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GunChleoc
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Posted at: 2020-07-06, 08:27

Tribal-Chief wrote:

The main problem currently is a worker requst is made to a warehouse which then creates a tool request. If the worker request is cancelled for any reason the tool request is still left active and a tool will be produced for stock. Handling the request chain in code is much better than creating new states in the UI, together with rewording help texts, tooltips etc.

That's what I gleaned from my work on this feature so far and where I want to go with addressing the issue.


Busy indexing nil values

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kaputtnik
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Posted at: 2020-07-07, 19:53

I have played now a whole game with all economy settings set to zero, and it works nicely.

Main reason why this works nicely are:

  1. Most construction sites needs a lot of time to be built. In this time the needed wares are created.
  2. Production sites have a stock in themselves, and if this stock isn't full of resources, the needed requests are made but the production does not stop.

hessenfarmer wrote:

Nordfriese wrote:

Perhaps the following interpretation is more intuitive? If a ware is needed somewhere and we don't have enough in stock, it will be produced. Always. If we don't need a ware, it will be produced until the desired amount is being stored in warehouses. A production ban would not be useful most of the time IMHO so I don't see the need to implement that.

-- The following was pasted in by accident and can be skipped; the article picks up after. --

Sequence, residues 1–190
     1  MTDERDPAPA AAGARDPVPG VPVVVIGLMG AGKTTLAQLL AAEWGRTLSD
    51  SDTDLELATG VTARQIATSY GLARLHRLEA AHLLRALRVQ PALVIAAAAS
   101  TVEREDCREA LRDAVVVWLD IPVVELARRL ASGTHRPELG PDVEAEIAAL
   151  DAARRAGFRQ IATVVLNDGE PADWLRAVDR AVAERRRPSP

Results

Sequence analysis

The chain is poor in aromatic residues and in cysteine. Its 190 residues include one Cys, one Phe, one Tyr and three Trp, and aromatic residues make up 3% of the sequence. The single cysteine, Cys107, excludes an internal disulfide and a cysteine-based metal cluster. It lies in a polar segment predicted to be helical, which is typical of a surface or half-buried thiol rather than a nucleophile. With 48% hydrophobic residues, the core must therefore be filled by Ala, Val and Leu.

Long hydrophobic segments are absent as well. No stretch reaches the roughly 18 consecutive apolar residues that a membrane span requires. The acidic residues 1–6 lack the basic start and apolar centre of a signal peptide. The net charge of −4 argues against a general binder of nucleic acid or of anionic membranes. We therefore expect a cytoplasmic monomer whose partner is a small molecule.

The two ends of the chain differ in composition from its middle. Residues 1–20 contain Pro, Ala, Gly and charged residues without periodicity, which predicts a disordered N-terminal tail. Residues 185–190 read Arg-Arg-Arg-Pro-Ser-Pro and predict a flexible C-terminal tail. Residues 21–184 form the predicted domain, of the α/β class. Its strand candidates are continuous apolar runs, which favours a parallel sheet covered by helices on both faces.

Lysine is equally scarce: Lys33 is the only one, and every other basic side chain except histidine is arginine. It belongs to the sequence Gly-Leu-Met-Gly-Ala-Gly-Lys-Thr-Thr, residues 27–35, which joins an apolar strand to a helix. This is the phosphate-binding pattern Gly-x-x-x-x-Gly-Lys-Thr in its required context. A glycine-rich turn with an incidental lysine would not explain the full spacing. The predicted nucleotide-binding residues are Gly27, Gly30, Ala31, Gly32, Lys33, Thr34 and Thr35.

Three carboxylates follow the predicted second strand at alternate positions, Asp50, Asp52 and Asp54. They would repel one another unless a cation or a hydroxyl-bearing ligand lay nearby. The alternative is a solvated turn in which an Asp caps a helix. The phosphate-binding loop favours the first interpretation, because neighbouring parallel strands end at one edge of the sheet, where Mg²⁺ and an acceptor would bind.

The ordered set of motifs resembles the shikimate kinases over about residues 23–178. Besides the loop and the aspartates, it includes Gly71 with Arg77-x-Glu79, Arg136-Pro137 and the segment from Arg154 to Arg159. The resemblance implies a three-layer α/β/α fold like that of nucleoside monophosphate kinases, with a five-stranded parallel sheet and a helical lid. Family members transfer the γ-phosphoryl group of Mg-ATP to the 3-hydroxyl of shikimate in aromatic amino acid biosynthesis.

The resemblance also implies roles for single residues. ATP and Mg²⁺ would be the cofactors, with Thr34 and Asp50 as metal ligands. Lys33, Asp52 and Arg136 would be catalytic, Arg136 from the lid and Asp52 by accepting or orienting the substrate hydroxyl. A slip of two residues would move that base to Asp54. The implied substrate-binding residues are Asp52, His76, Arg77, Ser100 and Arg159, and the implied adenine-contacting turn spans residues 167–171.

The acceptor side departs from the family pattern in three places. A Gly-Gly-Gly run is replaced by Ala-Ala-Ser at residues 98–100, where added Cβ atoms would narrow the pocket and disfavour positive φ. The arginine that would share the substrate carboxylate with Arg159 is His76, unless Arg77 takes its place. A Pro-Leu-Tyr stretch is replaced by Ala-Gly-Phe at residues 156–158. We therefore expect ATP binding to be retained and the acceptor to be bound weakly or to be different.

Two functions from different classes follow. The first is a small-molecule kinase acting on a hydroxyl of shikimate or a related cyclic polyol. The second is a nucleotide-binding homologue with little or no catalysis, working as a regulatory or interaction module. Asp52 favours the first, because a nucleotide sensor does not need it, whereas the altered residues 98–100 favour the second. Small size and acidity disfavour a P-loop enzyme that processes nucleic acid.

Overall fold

me neither. I believe the settings is explained well in the Tutorials, so it should be clear what it does.

I have played also the economy tutorial again. It doesen't explain the "produce-on-demand" mode. Instead this tutorial does two things:

  1. It makes one feel the economy settings are very important, but in a real game it isn't.
  2. It shows how to handle the economy settings in a situation where ressources are plentyfully there. In real games this situation will likely not arise, because the one who produces wares on the limit (= turn every ware in shortest time into the needed ware), will likely win the game. A stock management (economy settings) isn't really needed.

Just to make it clear: I don't want to change the game, or some parts of it. I just write my thoughts.


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hessenfarmer
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Posted at: 2020-07-07, 22:19

kaputtnik wrote:

hessenfarmer wrote:

me neither. I believe the settings is explained well in the Tutorials, so it should be clear what it does.

I have played also the economy tutorial again. It doesen't explain the "produce-on-demand" mode. Instead this tutorial does two things:

Ok so we should update this a bit I suppose. Thanks for reevaluating.

  1. It makes one feel the economy settings are very important, but in a real game it isn't.
  2. It shows how to handle the economy settings in a situation where ressources are plentyfully there. In real games this situation will likely not arise, because the one who produces wares on the limit (= turn every ware in shortest time into the needed ware), will likely win the game. A stock management (economy settings) isn't really needed.

Here I disagree. there are situations where it is defi itly useful to produce for stock (at least the following).
1. Construction material should be stocked to a certain amount to allow for quick expansion if needed (having multiple construction sites at one time)
2. To produce intermediate wares if all ressources are available to save time once they are needed (e.g. rations, beer)
3. If the space isn't sufficient to have a full production chain (e.g. scenario emp03)

Just to make it clear: I don't want to change the game, or some parts of it. I just write my thoughts.

Well as your thoughts are well argued they might lead to a change, at least they are valuable input to the discussion.